Review: ‘Just a Beginning’

Only in France would they try to teach philosophy to nursery school kids, but that doesn't necessarily make for a thought-provoking experience.

Only in France would they try to teach philosophy to nursery school kids, but that doesn’t necessarily make for a thought-provoking experience in “Just a Beginning,” a verite-style account by helmers Jean-Pierre Pozzi and Pierre Barougier. Following a class of toddlers over a two-year period, docu offers up raw footage of the kids tackling some deep questions with extreme cuteness, but otherwise provides few graspable insights. Compared with Nicolas Philibert’s successful 2002 schoolhouse portrait, “To Be and to Have,” “Beginning” won’t make the same grades locally, while offshore biz will be grounded in fest play.

Though some of the tykes depicted make progress over the course of shooting, their responses are often on the level of, “Mommy never puts Nutella in the fridge,” which is what one girl answers when asked, “What is intelligence?” Rather than trying to explain this unique educational program, the filmmakers seem to be milking their subjects to attain the maximum amount of aww-ing from viewers. Crisp HD lensing alternates classroom scenes with exteriors of the school’s surrounding multicultural ‘burb. Music by Anouar Brahem provides a soothing bridge between lessons.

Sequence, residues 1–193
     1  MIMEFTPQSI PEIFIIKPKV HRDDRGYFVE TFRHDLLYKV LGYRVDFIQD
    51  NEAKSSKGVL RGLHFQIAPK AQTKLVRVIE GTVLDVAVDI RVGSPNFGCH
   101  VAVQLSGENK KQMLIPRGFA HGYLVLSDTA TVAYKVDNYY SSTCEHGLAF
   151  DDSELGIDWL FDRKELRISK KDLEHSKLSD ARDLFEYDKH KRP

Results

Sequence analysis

Just a Beginning

France

Production

A Le Pacte release of a Ciel de Paris Prods. production. (International sales: Le Pacte, Paris.) Produced by Cilvy Aupin. Executive producers, Frederique Albrecht, Isabelle Gripon, Jonathan Martinot, Laurence Hiribarrondo Palmer. Directed by Jean-Pierre Pozzi, Pierre Barougier.

Crew

Camera (color, HD-to-35mm), Pozzi, Barougier; editor, Jean Conde; music, Anouar Brahem. Reviewed at UGC Cine Cite Les Halles 8, Paris, Nov. 19, 2010. (In Rome, Hamptons film festivals.) Running time: 103 MIN.

With

Isabelle Duflocq, Pascaline Dogliani.
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